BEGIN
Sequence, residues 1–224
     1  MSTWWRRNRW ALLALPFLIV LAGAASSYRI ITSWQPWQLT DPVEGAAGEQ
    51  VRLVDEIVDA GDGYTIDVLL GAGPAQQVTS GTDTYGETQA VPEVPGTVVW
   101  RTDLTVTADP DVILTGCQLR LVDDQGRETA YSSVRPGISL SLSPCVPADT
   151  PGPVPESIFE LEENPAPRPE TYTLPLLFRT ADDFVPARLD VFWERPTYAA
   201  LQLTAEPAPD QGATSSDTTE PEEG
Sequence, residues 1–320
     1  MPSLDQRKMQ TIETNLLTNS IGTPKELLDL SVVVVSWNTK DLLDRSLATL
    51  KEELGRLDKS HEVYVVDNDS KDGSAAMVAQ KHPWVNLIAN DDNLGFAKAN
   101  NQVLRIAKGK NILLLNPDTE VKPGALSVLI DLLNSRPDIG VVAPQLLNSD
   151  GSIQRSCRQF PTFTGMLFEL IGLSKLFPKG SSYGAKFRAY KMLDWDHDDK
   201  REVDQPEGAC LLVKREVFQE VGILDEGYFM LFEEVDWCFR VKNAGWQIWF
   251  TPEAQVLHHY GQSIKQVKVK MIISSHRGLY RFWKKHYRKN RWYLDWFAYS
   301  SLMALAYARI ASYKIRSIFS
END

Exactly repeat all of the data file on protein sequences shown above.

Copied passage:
Sequence, residues 1–224
     1  MSTWWRRNRW ALLALPFLIV LAGAASSYRI ITSWQPWQLT DPVEGAAGEQ
    51  VRLVDEIVDA GDGYTIDVLL GAGPAQQVTS GTDTYGETQA VPEVPGTVVW
   101  RTDLTVTADP DVILTGCQLR LVDDQGRETA YSSVRPGISL SLSPCVPADT
   151  PGPVPESIFE LEENPAPRPE TYTLPLLFRT ADDFVPARLD VFWERPTYAA
   201  LQLTAEPAPD QGATSSDTTE PEEG
Sequence, residues 1–320
     1  MPSLDQRKMQ TIETNLLTNS IGTPKELLDL SVVVVSWNTK DLLDRSLATL
    51  KEELGRLDKS HEVYVVDNDS KDGSAAMVAQ KHPWVNLIAN DDNLGFAKAN
   101  NQVLRIAKGK NILLLNPDTE VKPGALSVLI DLLNSRPDIG VVAPQLLNSD
   151  GSIQRSCRQF PTFTGMLFEL IGLSKLFPKG SSYGAKFRAY KMLDWDHDDK
   201  REVDQPEGAC LLVKREVFQE VGILDEGYFM LFEEVDWCFR VKNAGWQIWF
   251  TPEAQVLHHY GQSIKQVKVK MIISSHRGLY RFWKKHYRKN RWYLDWFAYS
   301  SLMALAYARI ASYKIRSIFS